This note was originally published at 8am on January 21, 2015 for Hedgeye subscribers.
“History isn’t really about events – it’s the people who really matter.”
That’s from the intro of the latest US #history book I’ve been grinding through, Dreamers And Deceivers by Glenn Beck. And while I’m sure you have your own opinions about Beck, I personally think he’s a great storyteller.
No, Beck isn’t my political idol (here’s a shocker - I don’t have one!). Neither is President Obama. While sometimes fictional, both of these guys tell stories in a way that makes us feel something. That’s what gives birth to a healthy debate about the truth.
Ostensibly, in a free-market democracy it is The People who really matter. Do they believe in this Marxist #ClassWarfare argument of the “rich” vs. the “middle class”? Or does that insult them? I guess after last night’s State of The Union storytelling we’ll see…
Back to the Global Macro Grind…
If you listen to just about anyone who loves Obama’s economic policies, they’ll tell you (as he trumpeted last night) that the “economy is back! growing 5%”. That’s obviously fiction, in year-over-year growth rate terms.
When someone throws that 5% number at you, they either A) don’t get that a quarter-over-quarter SAAR reading doesn’t equate to a year-over-year growth rate or B) are trying to obfuscate the number because the uninformed wouldn’t get it anyway.
Here’s the last 4 quarters of US GDP growth, on a year-over-year growth rate basis:
And since our macro model (GIP - Growth/Inflation/Policy Model that, using Bayesian Inference, has done as good a job as any research firm in predicting the rate of change in both growth and inflation for the last few years) was:
A) Bullish on the y/y rate of change in US #GrowthAccelerating for all of 2013 until the growth rate peaked in Q413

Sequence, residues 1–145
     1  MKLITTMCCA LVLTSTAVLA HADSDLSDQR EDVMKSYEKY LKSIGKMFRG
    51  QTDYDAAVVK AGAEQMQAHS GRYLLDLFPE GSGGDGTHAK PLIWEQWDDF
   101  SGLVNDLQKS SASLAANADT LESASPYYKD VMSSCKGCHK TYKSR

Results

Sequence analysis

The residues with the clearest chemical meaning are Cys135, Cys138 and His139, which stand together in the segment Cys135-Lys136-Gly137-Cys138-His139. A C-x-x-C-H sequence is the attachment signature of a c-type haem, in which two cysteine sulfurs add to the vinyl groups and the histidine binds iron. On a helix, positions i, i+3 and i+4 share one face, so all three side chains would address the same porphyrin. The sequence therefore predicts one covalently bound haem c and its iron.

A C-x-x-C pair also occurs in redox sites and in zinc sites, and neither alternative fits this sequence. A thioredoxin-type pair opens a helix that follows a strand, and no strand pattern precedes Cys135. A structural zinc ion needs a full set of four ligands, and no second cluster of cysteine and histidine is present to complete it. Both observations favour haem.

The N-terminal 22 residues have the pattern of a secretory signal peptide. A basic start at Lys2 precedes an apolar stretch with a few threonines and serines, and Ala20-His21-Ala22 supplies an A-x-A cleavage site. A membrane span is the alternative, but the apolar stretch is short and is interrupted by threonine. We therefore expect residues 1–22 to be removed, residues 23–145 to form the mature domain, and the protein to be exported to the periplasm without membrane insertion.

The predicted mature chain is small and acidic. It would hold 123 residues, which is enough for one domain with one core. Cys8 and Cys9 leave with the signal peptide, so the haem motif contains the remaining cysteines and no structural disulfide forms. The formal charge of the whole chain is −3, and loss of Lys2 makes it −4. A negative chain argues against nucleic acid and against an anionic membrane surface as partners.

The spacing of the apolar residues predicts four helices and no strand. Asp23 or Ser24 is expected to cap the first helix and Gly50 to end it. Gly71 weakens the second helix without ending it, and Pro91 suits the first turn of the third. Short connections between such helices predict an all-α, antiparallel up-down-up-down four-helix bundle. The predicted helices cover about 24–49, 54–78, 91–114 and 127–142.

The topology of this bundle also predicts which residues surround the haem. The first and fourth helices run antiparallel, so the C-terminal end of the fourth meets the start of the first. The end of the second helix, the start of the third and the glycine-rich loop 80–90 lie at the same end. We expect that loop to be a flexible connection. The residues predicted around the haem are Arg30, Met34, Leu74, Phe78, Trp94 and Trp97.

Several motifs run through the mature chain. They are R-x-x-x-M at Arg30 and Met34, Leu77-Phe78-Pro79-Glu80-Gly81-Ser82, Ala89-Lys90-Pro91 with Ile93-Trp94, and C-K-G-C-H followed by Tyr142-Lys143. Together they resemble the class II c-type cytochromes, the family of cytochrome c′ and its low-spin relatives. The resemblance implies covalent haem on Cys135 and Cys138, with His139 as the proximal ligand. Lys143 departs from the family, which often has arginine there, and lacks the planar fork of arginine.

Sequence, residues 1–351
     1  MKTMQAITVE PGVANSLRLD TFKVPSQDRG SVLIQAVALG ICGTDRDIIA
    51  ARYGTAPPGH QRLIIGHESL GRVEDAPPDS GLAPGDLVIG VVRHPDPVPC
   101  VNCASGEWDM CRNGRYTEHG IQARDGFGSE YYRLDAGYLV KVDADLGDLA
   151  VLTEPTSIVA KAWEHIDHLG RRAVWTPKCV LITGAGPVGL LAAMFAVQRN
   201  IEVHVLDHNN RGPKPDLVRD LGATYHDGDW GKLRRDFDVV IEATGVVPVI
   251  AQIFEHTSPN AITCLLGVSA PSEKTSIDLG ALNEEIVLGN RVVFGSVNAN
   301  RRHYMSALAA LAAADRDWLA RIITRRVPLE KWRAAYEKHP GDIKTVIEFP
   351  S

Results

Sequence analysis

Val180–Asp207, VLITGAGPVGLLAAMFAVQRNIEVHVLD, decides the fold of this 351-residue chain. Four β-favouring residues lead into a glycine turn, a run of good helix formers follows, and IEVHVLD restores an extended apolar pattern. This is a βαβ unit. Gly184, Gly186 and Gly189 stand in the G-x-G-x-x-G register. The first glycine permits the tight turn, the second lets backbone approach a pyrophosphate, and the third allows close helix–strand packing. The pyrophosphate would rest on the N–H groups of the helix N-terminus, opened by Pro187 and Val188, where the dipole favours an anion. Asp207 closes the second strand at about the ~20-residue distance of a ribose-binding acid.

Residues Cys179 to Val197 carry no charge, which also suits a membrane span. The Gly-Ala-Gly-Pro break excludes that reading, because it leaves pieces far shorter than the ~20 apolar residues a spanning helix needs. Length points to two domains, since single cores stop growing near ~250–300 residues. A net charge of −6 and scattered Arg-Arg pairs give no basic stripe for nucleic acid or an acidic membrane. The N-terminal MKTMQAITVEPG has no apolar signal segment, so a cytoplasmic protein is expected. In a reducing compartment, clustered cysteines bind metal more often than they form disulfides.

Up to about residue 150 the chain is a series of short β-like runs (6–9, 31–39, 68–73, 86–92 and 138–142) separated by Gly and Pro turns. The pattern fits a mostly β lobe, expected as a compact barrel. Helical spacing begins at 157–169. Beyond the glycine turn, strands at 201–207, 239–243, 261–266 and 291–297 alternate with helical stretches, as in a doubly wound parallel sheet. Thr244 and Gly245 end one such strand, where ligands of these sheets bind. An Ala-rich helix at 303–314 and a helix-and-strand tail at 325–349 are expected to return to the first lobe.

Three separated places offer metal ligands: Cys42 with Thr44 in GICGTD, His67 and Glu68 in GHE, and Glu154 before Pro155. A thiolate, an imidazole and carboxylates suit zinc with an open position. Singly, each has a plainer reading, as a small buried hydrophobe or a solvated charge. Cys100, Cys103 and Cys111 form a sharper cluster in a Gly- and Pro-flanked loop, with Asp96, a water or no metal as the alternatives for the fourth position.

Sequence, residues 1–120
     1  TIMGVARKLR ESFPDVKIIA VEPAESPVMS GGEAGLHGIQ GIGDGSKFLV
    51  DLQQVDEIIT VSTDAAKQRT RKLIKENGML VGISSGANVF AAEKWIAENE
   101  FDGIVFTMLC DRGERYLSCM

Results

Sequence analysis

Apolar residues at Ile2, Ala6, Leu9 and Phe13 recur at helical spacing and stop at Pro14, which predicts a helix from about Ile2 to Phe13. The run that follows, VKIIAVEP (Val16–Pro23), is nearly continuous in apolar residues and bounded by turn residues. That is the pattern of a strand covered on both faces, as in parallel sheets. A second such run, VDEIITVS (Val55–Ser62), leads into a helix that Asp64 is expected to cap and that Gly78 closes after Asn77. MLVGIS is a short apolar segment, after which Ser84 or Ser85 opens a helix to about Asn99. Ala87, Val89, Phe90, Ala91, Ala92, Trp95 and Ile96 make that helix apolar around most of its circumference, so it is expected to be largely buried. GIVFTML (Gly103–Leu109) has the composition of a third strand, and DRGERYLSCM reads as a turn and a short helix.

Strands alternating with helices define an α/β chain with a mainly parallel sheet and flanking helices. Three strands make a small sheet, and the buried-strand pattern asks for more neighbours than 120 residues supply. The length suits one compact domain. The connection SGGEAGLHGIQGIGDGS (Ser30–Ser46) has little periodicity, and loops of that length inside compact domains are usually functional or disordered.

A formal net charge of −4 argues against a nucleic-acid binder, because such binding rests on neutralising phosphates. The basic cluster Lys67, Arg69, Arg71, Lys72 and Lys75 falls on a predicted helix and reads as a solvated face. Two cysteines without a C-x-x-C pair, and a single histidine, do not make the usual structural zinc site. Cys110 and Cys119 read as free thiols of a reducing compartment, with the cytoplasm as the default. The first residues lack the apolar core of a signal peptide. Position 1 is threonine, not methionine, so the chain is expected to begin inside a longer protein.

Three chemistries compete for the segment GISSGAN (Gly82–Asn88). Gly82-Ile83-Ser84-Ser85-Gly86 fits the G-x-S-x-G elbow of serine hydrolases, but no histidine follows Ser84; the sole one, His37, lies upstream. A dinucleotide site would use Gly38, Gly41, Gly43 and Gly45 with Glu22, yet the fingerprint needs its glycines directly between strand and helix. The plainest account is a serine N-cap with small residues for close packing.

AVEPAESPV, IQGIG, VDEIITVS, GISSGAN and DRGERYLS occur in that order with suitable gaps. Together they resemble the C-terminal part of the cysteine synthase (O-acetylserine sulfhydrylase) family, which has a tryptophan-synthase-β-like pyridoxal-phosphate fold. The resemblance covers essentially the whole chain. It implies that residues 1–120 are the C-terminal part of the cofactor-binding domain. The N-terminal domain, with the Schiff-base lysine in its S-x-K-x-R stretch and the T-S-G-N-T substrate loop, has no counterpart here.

B) Bearish on the y/y rate of change in US growth starting at the beginning of 2014, as Q114 slowed…
I don’t have to make mediocre apologies for getting the rate of change in long-term bond yields right (bullish on #RatesRising in 2013, bearish on rates surprising to the downside in 2014) either.
Instead, being true to evolving the macro debate on Wall St., what I need to do after the #SOTU2015 speech is remind you that:
Obama won’t revise his storytelling about economic growth, after that. But #history will.
As you know, you can make a ton of money on the long side of asset prices tied to both A) Policies to Inflate (not to be confused with real economic growth – see 2011 for details) and B) #GrowthSlowing (buy Long Duration Bonds!). #TLT
What’s much more damning to asset prices than the rate of change in growth slowing is the rate of change in inflation #crashing. That’s mainly because asset #bubbles that were perpetuated by easy money Policies to Inflate get crushed by #deflation.
In hindsight, the #deflation risks to certain asset prices have been crystal clear:
That’s why big debtor nations (and the companies who thrive on leverage to inflation in selling prices) try to avoid #deflation like the bubonic plague. #Deflation hammers debtors.
Japan (BOJ) and Europe (ECB) either convince the world that they can create inflation again – or they do not. After cutting his “inflation target” in ½ last night, the BOJ’s Kuroda looks about as confident about inflation as a chart of West Texas Crude Oil.
When this epic and unprecedented central planning experiment ends, it will be the people who signed off on it who are held responsible, not the politically conflicted speech events themselves.
Our immediate-term Global Macro Risk Ranges are now:
UST 10yr Yield 1.74-1.89%
Oil (WTI) 45.02-47.66
Best of luck out there today,
Keith R. McCullough
Chief Executive Officer
Takeaway: Vegas and Macau miss reduced EBITDA estimates. Still no signs of a recovery in Macau despite a better January for Wynn Macau
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Takeaway: We are removing XLP from Investing Ideas.